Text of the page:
Recargo Launches Its First Ultra-Fast Charging Station In California

NOV 7 2018 BY MARK KANE 13

Recargo builds an ultra-fast charging network in California.

Recargo, the company behind the PlugShare free app and website that allows users to find charging stations, leave reviews, and connect with other plug-in vehicle owners, was earlier this year acquired by innogy eMobility US LLC. innogy is a new name for many, but in fact, it’s a subsidiary of German energy company RWE, established by splitting the renewable, network and retail businesses of RWE into a separate entity.

It seems that under innogy, Recargo is going to have its own fast-charging network. The soft-start of the first station is already underway at the Prunedale Shopping Center, in Prunedale, California (see location here). 22 more stations are to be installed by the end of 2019.

The Recargo charging infrastructure seems to be pretty solid as the first station got six BTC Power fast chargers (each dual head for up to 200 kW CCS Combo and up to 100 kW CHAdeMO). Moreover, there is an energy storage system (with Tesla Powerpacks) on site.

“We’ll be opening our first fast charging center this year (tentatively in October) at the Prunedale Shopping Center, in Prunedale, California. It will feature six ultra-fast 175kW DC fast chargers (upgradeable to 350kW), each with CHAdeMO and CCS connectors. The site will also feature over 500kW of battery storage, to help control peak electricity demand levels.This is the first location in Phase 1 of the Recargo Network build-out. There are 22 additional locations on-track for construction by the end of 2019. Watch the News section of the Recargo website to get updates on the Prunedale Shopping Center charging center, as well as the other 22 Phase 1 network sites.”

You can see the station through in-depth coverage on News Coulomb channel:

Previous video from construction stage:

Categories: Charging

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13 Comments on "Recargo Launches Its First Ultra-Fast Charging Station In California"

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These power pack storage systems for fast charging makes so much sense. No demand fees, higher max current , ability to peak shave if they are under used for EVs.

… and a very high price.

Not prohibitive compared to the other costs of installing such a charging station. In fact in many cases it might be cheaper than having a higher-powered grid connection installed — even ignoring running costs…

Either way, the lower running costs should improve the economics long-term, thus improving prospects for profitable operation while offering competitive prices.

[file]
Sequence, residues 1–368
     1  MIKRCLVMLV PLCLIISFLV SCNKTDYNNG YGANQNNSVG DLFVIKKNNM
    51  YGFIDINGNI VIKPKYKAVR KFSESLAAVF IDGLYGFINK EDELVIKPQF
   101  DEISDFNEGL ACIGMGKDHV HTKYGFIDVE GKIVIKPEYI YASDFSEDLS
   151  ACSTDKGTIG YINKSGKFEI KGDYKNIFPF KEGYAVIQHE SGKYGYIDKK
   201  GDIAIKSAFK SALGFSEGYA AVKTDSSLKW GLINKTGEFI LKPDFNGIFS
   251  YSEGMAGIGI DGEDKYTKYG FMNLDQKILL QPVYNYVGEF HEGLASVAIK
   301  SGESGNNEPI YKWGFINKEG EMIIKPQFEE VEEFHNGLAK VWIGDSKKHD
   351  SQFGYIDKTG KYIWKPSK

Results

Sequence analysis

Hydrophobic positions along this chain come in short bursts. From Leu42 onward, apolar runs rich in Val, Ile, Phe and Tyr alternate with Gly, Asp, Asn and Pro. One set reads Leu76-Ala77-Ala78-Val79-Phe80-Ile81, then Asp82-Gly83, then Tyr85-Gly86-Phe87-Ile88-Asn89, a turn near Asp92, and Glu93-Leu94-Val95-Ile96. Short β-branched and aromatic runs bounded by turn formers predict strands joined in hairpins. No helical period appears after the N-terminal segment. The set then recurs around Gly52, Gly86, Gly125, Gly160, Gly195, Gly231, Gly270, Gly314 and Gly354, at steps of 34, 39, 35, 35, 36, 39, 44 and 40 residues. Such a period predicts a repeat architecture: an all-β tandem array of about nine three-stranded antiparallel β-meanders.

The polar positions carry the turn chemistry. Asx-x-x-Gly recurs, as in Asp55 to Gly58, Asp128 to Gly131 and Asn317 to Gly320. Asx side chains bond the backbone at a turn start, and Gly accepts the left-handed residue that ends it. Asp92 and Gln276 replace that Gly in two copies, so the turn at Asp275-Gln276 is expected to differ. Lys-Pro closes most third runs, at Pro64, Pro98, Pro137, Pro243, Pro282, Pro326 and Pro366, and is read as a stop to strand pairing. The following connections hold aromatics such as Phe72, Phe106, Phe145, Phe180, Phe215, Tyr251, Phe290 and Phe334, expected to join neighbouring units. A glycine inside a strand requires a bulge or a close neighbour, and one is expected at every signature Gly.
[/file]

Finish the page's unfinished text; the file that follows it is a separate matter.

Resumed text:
Gotta start somewhere! From site “Motorola DynaTAC ($3,995): It took a decade after the first cell phone demonstration for one to become available commercially. The Motorola DynaTAC hit the market in 1983 with a hefty price tag of $3,995” Not to mention it sucked. Poor battery life, almost no towers, wildly expensive bills with $500/month not unusual

Most important (expensive) stuff in cell phones are what you can find in every beach: sand. Stuff in batteries are not so cheap, lower bound on raw material is about $100/kWh.

Of course overall energy usage is increased through the Revenue Meter since the charge/discharge roundtrip of electricity through the battery is probably only around 80% efficiency, if that – but yes, it is less than demand charges in some places, and I’m certain there is arbitraging of electric rates (that is, let the batteries completely discharge prior to the off-peak rate swichover, and then fully recharge them with totally off-peak rates).

“The site will also feature over 500kW of battery storage” – I assume that should have said “500kWh”?

It could mean battery storage capable of delivering 500 kW, so it can keep several car chargers chugging along. But a 200 kWh Powerpack 2 has a discharge rate of only 50kW (AC), so a 500 kW power rating would imply even more batteries than a 500 kWh energy rating.

Yes. that was just a slip while talking onsite. It was reported to be “500 kWh,” but it turns out the actual capacity might be a little different (still unconfirmed).

This is awesome. I am a new EV Driver in NJ, and the biggest challenge is to find chargers. EVs are a great product, and with more chargers available, no doubt that they will sell very well.

Now if they included Tesla connectors, we would be making real progress. It’s a numbers game with a betamax moment to come. Grab some popcorn, it’s going to be awhile.

I find this new charger system more interesting then Electrify America in that Electrify America was born out out of a shotgun wedding with Volkswagen and and the EPA and diesel gate.

While this new network was born from a network wanting to get into the EV charging business.

I also like how they have the same number of Chadomo chargers and CSS chargers vs building 5 CSS chargers and one Cadamo charger.

Charging per minute means that a car that can take 200kW will end up paying 1/4 the price for electricity compared to a car that can only handle 50kW. The expensive infrastructure (such as water cooled cables) is there to support the 200kW charging capability but cars that use this pay much less for the electricity.

In California it is allowed to charge by the kWh.